The Trump Administration continues to advance regulatory reform by lifting the burdens of excessive regulation, resulting in greater opportunities for individuals, business owners, farmers, and families. Responsible regulatory reform promotes economic growth and innovation, leaving the American people with more freedom to pursue their work and exercise ingenuity.
On May 9, the Office of Information and Regulatory Affairs (OIRA) releases the Spring Agenda, which lists the regulatory and deregulatory actions agencies plan to take in the coming year. The agenda demonstrates a commitment to meaningful regulatory reform across the federal government. While the agenda includes many new deregulatory entries, allow me to highlight a few priority areas.
First, government regulations often disproportionately harm small businesses with few additional benefits. So we have encouraged agencies to identify relief for small businesses. For example, one proposed rule would allow small-scale, artisanal, commercial fisherman to continue fishing in the Pacific Ocean after fishing seasons close. Another rule would permit small business health plans, creating flexibilities designed to lower costs and allow more individuals to obtain insurance.
Second, outdated, duplicative, or overly prescriptive regulation can stifle innovation. Repealing such burdens or developing enabling regulation can create an environment that encourages technological development. For example, the Department of Transportation plans to enable the use of certain routine, small drones without a waiver or exemption. DOT plans to seek comment on regulatory barriers to vehicles with fully automated driving systems in order to enable innovation while maintaining the safety of our Nation’s roadways. And in commercial development of space exploration, multiple agencies anticipate streamlining and simplifying the licensing of launch and recovery operations.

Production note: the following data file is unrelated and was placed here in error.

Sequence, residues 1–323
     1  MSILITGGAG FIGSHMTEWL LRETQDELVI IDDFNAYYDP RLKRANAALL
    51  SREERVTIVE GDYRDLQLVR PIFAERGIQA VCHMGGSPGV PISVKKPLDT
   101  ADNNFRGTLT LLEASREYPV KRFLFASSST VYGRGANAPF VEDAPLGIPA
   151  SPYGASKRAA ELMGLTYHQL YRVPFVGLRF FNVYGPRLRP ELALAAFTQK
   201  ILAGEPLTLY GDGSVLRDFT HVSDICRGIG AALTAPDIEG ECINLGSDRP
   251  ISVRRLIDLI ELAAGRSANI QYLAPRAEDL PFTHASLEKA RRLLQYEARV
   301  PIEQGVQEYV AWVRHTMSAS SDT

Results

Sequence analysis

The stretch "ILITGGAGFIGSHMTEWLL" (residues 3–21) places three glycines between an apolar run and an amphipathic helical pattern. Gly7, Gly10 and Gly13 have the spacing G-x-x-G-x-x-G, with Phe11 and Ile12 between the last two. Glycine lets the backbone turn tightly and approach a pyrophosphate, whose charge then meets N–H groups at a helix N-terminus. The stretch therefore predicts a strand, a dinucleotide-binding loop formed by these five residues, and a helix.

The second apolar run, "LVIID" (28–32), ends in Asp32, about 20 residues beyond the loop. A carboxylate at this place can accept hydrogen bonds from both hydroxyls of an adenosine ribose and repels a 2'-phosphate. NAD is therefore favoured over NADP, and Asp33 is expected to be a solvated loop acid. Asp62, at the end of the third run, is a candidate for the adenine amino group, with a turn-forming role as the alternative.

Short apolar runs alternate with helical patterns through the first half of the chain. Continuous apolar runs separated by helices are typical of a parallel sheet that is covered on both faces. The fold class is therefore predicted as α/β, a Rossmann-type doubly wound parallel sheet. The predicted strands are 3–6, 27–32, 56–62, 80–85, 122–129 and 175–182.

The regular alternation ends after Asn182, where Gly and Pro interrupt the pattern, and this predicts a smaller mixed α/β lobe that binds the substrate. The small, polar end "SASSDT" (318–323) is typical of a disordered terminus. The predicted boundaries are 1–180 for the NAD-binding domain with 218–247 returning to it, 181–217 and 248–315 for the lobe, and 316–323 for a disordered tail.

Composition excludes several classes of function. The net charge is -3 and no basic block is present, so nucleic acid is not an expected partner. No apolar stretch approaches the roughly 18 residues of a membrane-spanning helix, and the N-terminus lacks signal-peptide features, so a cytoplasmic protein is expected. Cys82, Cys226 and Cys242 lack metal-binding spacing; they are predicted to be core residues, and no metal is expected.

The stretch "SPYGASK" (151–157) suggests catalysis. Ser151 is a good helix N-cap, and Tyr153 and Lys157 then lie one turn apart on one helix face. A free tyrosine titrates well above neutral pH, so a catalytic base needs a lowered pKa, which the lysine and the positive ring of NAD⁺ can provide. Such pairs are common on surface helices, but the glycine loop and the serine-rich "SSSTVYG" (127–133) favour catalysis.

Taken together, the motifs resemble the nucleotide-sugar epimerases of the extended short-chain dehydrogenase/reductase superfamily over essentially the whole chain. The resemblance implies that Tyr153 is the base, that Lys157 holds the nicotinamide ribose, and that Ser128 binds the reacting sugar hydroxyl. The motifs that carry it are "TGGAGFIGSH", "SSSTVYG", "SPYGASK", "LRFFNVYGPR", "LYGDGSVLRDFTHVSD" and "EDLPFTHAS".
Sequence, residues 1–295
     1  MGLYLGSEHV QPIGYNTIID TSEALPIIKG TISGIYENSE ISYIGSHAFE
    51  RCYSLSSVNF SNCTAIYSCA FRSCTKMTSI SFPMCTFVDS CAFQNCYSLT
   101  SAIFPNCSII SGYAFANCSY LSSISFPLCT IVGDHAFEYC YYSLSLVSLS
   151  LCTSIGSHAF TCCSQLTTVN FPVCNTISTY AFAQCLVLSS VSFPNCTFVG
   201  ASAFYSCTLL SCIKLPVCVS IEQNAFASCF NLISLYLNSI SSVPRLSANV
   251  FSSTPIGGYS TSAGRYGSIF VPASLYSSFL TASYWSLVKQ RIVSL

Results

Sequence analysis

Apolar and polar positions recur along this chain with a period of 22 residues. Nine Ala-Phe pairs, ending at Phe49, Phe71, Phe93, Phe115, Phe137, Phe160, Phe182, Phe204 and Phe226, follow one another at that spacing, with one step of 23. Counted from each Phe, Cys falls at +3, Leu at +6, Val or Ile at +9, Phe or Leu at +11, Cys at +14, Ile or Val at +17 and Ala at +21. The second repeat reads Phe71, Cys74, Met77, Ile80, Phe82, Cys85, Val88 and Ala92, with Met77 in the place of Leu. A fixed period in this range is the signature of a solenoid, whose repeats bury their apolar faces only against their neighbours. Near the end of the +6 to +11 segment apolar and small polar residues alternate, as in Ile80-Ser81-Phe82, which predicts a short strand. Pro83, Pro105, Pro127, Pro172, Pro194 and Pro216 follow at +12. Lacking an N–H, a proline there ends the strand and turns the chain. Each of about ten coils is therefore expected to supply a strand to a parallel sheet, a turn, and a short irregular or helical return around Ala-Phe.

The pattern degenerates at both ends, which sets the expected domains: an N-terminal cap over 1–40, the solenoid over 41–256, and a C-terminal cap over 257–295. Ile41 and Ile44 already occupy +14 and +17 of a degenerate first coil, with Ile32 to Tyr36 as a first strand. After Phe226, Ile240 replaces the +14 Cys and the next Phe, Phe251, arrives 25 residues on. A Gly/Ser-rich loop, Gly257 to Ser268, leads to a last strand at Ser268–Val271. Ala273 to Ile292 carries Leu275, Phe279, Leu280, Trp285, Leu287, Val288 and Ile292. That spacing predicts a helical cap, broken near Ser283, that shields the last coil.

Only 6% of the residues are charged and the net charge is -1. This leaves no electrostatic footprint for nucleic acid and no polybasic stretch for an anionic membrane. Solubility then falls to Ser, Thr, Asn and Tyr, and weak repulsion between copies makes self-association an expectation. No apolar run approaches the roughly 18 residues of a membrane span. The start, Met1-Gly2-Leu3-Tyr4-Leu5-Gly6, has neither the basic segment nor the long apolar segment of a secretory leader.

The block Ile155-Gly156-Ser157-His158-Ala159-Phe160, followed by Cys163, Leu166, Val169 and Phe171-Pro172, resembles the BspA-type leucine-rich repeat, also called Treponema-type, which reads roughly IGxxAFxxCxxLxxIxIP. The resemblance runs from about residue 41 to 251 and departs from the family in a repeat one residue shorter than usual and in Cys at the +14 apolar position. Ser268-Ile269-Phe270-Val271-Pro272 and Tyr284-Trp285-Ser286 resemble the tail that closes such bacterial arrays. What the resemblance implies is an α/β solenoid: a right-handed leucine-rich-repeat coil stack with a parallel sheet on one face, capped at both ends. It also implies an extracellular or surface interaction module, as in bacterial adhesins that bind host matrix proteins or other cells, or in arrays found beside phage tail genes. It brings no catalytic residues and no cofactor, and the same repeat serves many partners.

Finally, as part of the President’s infrastructure initiative, agencies are working to unravel the complex licensing and permitting schemes that unnecessarily delay projects. Revisions to NEPA regulations, which affect permitting for most major infrastructure projects, could significantly streamline and reduce the costs of such projects. The Nuclear Regulatory Commission plans to revamp the licensing process for new reactors.
Projecting progress toward reducing regulatory burdens, the agenda reflects an ongoing commitment to eliminate two regulatory actions for each new regulation and to establish a regulatory budget that reduces costs across the government, as directed by President Trump in Executive Order 13771. In the fall, OIRA will publish an accounting of the cost savings and deregulation achieved by agencies.
Our reforms are also by the book. Deregulatory proposals have to meet the same standards as regulatory proposals. OIRA reviews significant regulatory and deregulatory actions to ensure they are consistent with law, have benefits that substantially justify the costs, and serve the President’s priorities. Agencies have targeted ineffective, duplicative, and outdated regulations, while maintaining protections for health and safety.
This spring’s agenda improves the transparency of the regulatory process, providing notice of regulatory actions as they are being developed, so the public can meaningfully comment on regulatory policy. As promised, the Administration continues to advance responsible and meaningful regulatory reform that frees Americans from the drag of failed government regulation.
Neomi Rao is the Administrator of the Office of Information and Regulatory Affairs in the Office of Management and Budget.